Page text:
According to the National Sleep Foundation, there are more than 18 million adults in the U.S. currently living with obstructive sleep apnea. The condition is one that impacts people of all ages and genders.
Many of the people who have this condition use continuous positive airway pressure devices, or CPAPs, to help them maintain a steady stream of air coming into their bodies while they sleep. In fact, CPAP devices are among the most commonly prescribed for this condition.
Some people who use CPAP machines complain of dry eyes. It’s a common complaint among CPAP users. The better you understand the possible reasons, causes and solutions, the better you will be able to protect your eyes and find relief from the unpleasant symptoms of dry eyes.
Symptoms of Dry Eyes with CPAP
Dry eyes are a sign that your tears aren’t providing sufficient lubrication for your eyes. Below are some of the symptoms of dry eyes.
- Stringing or burning eyes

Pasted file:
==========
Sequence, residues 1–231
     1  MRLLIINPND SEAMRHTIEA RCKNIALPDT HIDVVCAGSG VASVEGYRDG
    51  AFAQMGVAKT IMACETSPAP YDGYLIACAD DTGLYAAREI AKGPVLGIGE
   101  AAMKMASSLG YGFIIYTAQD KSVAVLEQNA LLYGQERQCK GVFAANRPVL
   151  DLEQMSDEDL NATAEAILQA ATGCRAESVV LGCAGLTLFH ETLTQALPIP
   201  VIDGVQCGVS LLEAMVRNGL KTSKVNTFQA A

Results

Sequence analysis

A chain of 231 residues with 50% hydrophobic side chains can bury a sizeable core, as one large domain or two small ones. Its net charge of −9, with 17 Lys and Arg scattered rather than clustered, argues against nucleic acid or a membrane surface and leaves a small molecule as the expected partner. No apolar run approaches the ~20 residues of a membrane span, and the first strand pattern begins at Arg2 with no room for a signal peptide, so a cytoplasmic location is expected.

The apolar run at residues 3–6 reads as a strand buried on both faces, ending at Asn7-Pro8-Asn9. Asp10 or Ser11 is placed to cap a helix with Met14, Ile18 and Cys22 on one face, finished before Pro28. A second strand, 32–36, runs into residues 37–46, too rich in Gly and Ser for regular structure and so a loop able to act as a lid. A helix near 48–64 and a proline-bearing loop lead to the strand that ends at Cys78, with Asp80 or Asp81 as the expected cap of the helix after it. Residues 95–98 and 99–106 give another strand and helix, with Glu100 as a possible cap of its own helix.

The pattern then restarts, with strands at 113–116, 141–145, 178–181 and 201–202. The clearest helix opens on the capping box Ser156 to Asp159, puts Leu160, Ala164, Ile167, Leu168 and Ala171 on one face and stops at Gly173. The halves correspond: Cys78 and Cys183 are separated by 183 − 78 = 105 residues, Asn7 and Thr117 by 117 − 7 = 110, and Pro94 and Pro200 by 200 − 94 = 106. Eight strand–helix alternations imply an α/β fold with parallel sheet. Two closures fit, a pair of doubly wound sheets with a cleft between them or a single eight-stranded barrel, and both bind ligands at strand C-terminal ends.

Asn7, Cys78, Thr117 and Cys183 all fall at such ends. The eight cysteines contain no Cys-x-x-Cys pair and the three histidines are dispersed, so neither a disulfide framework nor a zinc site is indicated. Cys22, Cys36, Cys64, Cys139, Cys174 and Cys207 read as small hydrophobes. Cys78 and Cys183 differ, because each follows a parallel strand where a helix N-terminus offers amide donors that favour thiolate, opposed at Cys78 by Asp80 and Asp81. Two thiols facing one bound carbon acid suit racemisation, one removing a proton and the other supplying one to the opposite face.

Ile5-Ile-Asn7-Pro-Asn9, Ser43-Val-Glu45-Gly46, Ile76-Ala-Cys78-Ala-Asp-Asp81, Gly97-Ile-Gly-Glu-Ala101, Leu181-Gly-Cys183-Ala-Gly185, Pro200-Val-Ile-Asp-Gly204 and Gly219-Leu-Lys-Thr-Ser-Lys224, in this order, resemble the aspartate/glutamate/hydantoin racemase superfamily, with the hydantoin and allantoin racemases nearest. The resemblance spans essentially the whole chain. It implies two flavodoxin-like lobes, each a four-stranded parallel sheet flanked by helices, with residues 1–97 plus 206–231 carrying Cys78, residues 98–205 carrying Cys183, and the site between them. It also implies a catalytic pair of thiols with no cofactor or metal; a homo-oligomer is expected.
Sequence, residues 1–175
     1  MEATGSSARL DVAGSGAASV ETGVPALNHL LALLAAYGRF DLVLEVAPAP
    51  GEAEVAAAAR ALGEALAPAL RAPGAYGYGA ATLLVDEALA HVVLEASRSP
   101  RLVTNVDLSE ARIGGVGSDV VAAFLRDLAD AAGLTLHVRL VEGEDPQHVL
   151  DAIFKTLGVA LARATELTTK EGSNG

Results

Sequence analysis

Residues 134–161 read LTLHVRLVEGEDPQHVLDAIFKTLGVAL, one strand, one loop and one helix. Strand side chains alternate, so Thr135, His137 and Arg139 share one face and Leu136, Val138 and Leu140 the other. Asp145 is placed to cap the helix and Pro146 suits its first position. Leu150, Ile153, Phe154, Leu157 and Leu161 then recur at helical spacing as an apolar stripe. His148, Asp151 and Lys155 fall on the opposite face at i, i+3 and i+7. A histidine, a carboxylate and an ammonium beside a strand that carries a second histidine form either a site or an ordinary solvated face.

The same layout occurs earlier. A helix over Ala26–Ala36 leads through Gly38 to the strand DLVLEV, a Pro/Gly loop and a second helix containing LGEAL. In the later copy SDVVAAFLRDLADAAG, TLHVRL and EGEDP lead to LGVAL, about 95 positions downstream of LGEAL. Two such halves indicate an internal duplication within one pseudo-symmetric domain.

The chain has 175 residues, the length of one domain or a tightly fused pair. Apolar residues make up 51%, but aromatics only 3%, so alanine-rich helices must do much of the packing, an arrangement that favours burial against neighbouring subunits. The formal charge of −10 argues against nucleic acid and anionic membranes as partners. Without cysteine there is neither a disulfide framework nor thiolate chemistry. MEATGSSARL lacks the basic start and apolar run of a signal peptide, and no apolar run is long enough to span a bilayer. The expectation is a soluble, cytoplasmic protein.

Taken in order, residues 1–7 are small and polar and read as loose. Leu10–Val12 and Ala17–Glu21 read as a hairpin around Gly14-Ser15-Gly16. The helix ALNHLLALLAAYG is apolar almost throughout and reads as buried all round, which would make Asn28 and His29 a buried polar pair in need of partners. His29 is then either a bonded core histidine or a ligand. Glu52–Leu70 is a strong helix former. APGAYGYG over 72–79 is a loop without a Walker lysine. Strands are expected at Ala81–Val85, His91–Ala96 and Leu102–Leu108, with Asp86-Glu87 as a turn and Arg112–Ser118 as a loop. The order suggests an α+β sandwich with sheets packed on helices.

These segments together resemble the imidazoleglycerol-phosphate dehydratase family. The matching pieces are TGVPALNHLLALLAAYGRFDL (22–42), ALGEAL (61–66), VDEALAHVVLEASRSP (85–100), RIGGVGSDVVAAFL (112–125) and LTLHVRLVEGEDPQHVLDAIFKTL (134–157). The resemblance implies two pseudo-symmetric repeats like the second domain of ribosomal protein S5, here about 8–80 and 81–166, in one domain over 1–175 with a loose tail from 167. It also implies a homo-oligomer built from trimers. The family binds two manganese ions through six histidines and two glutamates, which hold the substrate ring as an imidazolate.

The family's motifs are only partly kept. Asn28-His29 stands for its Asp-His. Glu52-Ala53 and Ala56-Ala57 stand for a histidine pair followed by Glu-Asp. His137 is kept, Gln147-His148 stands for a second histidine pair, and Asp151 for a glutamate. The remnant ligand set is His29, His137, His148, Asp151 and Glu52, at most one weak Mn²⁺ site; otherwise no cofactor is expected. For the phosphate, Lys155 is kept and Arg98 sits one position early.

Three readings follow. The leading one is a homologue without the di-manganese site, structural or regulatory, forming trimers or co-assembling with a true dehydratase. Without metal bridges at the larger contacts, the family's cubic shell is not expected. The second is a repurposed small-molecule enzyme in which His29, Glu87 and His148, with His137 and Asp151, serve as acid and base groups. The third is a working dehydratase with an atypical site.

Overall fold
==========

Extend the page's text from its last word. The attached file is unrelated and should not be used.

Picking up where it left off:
- Scratchy sensation in your eyes
- Redness of eyes
- Eyes are sensitive to light
- Blurry vision
- Difficulty driving at night
- The feeling that you have something in your eyes
Your CPAP may be the cause of your dry eyes, but it isn’t the only possible cause. Obviously, these aren’t the only symptoms of dry eyes. But, if you’re experiencing these symptoms, you may have dry eyes.
If you are using a CPAP machine and didn’t have these symptoms before you began using your machine, the CPAP may be the cause of your dry eyes.
Reasons and Causes for Dry Eyes with CPAP
Wondering what causes dry eyes with CPAP? It’s important to consider all potential reasons and causes for dry eyes with CPAP.
Air Leaks in the CPAP Mask
One of the most common causes of dry eye among CPAP users is a simple air leak. You wear your masks close to your nose and eyes. An air leak in this close proximity to your eyes can result in instantaneous drying of the eyes and plenty of discomfort for the wearer.
Depending on how high the pressure settings are on your mask, it can be a fair amount of air moving toward your eyes each night and causing them to dry out.